I have often said that Lutherans aren't really "Protestants" - not in the modern American sense of the term. And part of the reason why comes across in this interesting article entitled Here comes the Hair Dryers - where an anthropolist compares the Athiests who did their de-baptizing ritual with your typical American protestant -- and of not, I especially liked the following lines:
"Consider: one side believes it possesses an infallible book written by an omnipotent author with a huge beard with completely explains the dynamics all living things on earth. The other side believes in the literal truth of the bible."
That's just fun, but more importantly for this blog here is the following line:
"Atheist parodic appropriation of Christian identity even comes with (according to the article) a ritual officiant who 'doned a monk’s robe and said a few mock-Latin phrases' before the drying began — and of course there is nothing more protestant than damning your opponent for their popery."
This gets to a the heart of the matter, and why I will not just randomly bash Rome (specific doctrines, sure, just wholesale mockery, no), why I will never claim to be a protestant.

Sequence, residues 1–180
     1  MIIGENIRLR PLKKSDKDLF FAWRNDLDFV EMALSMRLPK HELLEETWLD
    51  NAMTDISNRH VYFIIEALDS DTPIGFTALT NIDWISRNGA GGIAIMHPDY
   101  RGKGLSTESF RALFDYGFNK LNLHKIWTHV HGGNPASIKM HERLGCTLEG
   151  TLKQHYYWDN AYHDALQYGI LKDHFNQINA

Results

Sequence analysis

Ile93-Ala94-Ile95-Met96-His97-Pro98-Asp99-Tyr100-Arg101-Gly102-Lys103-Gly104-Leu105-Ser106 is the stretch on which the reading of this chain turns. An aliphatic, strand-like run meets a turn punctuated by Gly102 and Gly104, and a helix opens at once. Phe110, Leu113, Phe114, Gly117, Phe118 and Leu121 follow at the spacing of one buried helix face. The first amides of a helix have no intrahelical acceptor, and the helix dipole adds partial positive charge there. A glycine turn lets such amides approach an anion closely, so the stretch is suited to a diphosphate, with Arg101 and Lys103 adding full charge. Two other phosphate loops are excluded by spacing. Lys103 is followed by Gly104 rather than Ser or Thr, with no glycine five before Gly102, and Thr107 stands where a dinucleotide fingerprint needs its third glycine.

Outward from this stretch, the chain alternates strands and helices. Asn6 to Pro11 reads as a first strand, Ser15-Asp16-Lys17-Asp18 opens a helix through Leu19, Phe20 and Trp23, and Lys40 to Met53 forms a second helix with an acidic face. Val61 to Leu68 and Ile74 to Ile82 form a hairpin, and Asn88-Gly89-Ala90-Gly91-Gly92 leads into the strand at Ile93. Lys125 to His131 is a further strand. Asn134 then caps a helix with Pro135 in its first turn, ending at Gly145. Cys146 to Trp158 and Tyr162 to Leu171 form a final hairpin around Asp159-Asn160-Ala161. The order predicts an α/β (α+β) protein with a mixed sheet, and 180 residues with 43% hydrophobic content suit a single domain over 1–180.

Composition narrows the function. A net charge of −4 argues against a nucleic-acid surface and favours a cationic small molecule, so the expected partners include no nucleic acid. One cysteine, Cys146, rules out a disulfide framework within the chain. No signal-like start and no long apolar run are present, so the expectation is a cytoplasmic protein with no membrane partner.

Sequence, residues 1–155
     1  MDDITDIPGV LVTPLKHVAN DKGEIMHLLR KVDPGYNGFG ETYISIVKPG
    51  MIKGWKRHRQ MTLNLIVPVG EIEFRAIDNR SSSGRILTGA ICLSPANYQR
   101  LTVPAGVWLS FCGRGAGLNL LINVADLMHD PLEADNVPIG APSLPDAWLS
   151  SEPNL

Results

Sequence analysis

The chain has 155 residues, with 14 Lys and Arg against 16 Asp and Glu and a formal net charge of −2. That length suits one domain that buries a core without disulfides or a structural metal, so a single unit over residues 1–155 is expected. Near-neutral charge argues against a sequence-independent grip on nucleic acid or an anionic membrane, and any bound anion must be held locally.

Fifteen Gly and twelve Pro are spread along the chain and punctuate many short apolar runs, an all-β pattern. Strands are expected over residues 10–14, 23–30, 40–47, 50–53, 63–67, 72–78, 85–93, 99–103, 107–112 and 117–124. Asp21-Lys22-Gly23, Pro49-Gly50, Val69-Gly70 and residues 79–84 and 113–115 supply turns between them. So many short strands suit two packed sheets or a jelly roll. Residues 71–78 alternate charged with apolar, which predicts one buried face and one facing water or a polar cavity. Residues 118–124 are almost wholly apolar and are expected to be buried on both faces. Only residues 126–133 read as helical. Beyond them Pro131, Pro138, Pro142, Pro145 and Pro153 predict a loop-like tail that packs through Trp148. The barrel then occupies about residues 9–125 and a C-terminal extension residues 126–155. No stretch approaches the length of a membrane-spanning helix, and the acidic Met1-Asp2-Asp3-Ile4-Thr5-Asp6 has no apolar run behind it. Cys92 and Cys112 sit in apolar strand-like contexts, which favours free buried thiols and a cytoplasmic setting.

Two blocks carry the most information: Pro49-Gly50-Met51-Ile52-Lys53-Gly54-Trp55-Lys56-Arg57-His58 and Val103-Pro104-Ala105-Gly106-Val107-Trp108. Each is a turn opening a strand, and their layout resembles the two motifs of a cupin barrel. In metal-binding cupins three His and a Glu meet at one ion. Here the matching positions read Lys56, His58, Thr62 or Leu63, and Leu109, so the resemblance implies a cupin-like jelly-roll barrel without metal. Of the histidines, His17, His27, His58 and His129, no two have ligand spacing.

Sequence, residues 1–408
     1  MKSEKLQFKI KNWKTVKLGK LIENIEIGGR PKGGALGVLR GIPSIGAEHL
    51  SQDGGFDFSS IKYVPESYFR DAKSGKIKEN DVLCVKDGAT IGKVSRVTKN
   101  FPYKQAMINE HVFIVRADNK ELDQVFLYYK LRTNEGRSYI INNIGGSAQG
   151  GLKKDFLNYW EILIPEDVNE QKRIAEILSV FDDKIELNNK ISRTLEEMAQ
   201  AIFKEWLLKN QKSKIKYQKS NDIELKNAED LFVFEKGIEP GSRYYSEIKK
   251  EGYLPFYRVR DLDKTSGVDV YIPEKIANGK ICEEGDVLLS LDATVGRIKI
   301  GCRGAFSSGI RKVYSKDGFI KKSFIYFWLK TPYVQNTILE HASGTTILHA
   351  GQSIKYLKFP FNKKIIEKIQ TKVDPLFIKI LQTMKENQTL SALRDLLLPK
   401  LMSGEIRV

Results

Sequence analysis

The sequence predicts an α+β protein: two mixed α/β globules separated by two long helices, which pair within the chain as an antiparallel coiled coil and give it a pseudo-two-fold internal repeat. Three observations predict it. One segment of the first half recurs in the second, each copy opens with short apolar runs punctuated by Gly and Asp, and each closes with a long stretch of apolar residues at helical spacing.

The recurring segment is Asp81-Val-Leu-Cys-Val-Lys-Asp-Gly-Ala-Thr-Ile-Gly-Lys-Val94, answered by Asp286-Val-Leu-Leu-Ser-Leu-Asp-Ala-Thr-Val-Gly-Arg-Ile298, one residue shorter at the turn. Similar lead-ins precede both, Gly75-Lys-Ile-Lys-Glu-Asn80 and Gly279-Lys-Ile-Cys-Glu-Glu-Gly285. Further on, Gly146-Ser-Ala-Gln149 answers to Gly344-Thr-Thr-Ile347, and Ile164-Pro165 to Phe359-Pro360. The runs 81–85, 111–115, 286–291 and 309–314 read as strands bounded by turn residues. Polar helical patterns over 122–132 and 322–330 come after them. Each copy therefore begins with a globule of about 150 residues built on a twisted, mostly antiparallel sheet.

With your typical American Protestant (and also you materialistic athiest) there is this idea that what people knew in the past is bunk but now we are smarter and more wise and know better. The Protestants say "The Church completely disappeared, but now that I'm here, it's all good." There is a disregard for the past, for tradition, for wisdom being passed down.
Lutherans don't despise tradition - we simply don't say that because you can claim something as a tradition for several Centuries that it must be true. In fact, if you look at how we write, our qualms with Rome are when they departed from the tradition and institute something new and say, "Alright, now we have to believe this." It's not that we want to discover "new" truth that no one has ever known - it's that we simply want to remain with the Truth that had always been known. In fact, I'd actually argue that we have a greater respect for Tradition because we don't believe it can be simply changed or created by speaking "ex cathedra".
Now, sadly, many Lutherans are impacted by American society - we have our rationalist leanings like Americans can do ("we're getting better all the time!!!" Really?) We picked up on the cultural bias against Rome -- we need to move away from that. We aren't American Protestants - we aren't religious scientists finding the new truths of Scripture. We are people who simply hold to the same old thing that the Church has taught forever - Christ Jesus died for sinners, of whom I am the chief.
Be wary of thinking you have found something "new". Beware of the latest and greatest wisdom - all that will do is change. Rather, remain steadfast in the simple Word of God as you have received it. And don't go mocking Rome willy-nilly.
Now, mocking Baptists on the other hand. . . okay, go easy on that too.